Day before last, I went to Cabellas, and bought a pound of RL-15, and two packages of .410 slugs..410 bore stuff:
I'll confess that I bought the cheapest slugs, and even then had to pay a lot for them. A box of five .410 slugs costs the same as a box of premium 12 gauge slugs. In this case, I paid $4 each for boxes of Winchester slugs (1850 fps, they claim. Zowie.) that were smaller than a dump pouch for six rounds of .38 Special. Consider that this is rough the same price as a box of twenty-five field loads for dove hunting, in 12 gauge! So it's not about the shipping, or the packaging, or the costs of materials. It's about economies of scale. Tons more (literally) 12 gauge are shot each season than .410 bore. And why not? They've got better knockdown, on a wider variety of game, and at longer distances, effectively.
So here's this .410 shell, putting out around a fifth to a quarter of the shot payload of a 12 gauge shell, making it harder to hit, and harder to kill game. When you're as crappy a winghooter as I am, that's a major consideration.
Paying $4.00 to $5.00 for a box of 12 gauge slugs is pricey, but at least you walk away with something substantial. Most 12 gauge slugs are one ounce slugs, with some going even higher. There are a few reduced recoil slugs out there that weigh in a tad less, but usually they're an ounce each, or twice as much as a bullet from my .45 acp. So a box contains five ounces of projectile alone. Add in primers, wads, powder, hulls, case heads and box, and you get nearly half a pound of substance for your $4.00 or so.
But I honestly believe that one could forget that a box of .410 slugs was in his pocket. I'll have to be careful not to launder them. So why would one get a .410 shotgun at all?
As for myself, I've never owned one. Come to think of it, I'm not sure that I've actually ever even fired a .410 shotgun. I'm just doing an experiment with this insert adaptor thing.
One's accuracy is said to improve when one uses a .410. Necessity: it's a mother. I don't know that .410s are any quieter-- in my experience they seem to have quite a crack to them. But they may be a little quieter than a large bore shotgun. But the main thing is that shotguns that handle .410 are usually light and handy, without the recoil that one would get from a large bore in a light gun.
Last year, a friend bought one of those cute little Winchester M9410's. I never got to shoot it, but I did handle it, and it was just as nifty as hell. If you're not familiar with them, they're a Winchester M94 lever action rifle or carbine, which has been fitted with a smoothbore .410 barrel. They are a true shotgun, but in that classic Johne Wayne style. They have a set of shallow open sights that are even more coarse than the standard M94 rifles, but which are probably pretty appropriate for a shotgun that will be wing-shooting. Now, do I really have a use for one? Damned if I can think of one. Believe me, I tried! I still think it looks like fun. But if I did, I'd have to factor in the cost of a reloading setup, because it would KILL me to pay more for .410 shells than for 12 gauge. The reloader experiences nice savings with .410, though.Reloader 15 Powder.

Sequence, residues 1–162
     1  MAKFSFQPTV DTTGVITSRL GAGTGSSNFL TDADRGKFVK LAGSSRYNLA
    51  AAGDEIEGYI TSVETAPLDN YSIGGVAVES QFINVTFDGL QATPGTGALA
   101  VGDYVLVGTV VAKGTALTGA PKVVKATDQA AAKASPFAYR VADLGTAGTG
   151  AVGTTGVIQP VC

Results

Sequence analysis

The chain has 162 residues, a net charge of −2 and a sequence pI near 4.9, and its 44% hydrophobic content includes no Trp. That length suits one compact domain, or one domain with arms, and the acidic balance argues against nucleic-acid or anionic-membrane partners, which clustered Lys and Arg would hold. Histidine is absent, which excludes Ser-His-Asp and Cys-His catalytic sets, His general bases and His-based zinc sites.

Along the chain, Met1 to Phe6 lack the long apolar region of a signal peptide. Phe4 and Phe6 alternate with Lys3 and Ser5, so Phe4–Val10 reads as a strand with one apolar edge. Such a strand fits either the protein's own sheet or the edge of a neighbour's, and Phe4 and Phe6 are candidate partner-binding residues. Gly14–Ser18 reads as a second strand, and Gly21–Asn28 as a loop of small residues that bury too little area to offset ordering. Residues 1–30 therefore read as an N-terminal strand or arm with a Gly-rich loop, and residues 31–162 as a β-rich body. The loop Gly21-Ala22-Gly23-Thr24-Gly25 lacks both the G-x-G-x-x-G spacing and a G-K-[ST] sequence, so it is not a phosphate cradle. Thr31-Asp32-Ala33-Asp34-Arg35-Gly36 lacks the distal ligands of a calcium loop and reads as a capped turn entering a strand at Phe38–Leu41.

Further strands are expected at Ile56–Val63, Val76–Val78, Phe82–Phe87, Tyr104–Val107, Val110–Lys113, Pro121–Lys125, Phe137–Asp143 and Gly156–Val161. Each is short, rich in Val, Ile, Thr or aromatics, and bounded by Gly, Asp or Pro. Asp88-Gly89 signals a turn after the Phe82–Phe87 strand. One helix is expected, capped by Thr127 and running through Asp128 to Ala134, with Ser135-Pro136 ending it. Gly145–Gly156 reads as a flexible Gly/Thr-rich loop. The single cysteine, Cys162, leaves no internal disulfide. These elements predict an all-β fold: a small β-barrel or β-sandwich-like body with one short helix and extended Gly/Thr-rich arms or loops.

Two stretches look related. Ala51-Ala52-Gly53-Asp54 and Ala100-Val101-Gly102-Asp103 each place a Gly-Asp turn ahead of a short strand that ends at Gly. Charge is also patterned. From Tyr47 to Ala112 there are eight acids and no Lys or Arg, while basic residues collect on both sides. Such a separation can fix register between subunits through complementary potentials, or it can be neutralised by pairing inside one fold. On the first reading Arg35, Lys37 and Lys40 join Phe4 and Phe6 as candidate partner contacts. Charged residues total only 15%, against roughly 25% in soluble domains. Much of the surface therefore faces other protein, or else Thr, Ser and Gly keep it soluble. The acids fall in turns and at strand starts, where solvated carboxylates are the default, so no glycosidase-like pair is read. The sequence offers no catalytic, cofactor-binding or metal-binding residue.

I bought the RL-15 for reloading .35 Whelen, .45-70, and (drum roll) .375 H&H. Dad and I are going hog hunting the end of this month. Dad'll likely bring that 1895GS .45-70 that I gave him a few years back on his 60th birthday. I'll be bringing my M1903 Springfield sporter .35 Whelen that I rebarreled a few years ago due to bad pitting in the .30 bore. Dad and I've carried these rifles hunting quite a few times, but never got to connect with 'em. (Well, I did shoot a deer with the Springfield when it was a .30-06, but that was a different rifle, back then.) Then there's this safe queen, a Remington M700 .375, that we haven't actually shot yet. Maybe this is the time. Seems that Reloader 15 is a common powder for all three, and while we did have some on hand, these calibers gobble a lot of it. Shoot, the Whelen round is the real miser of the three, with loads only calling for 50 something grains. (Such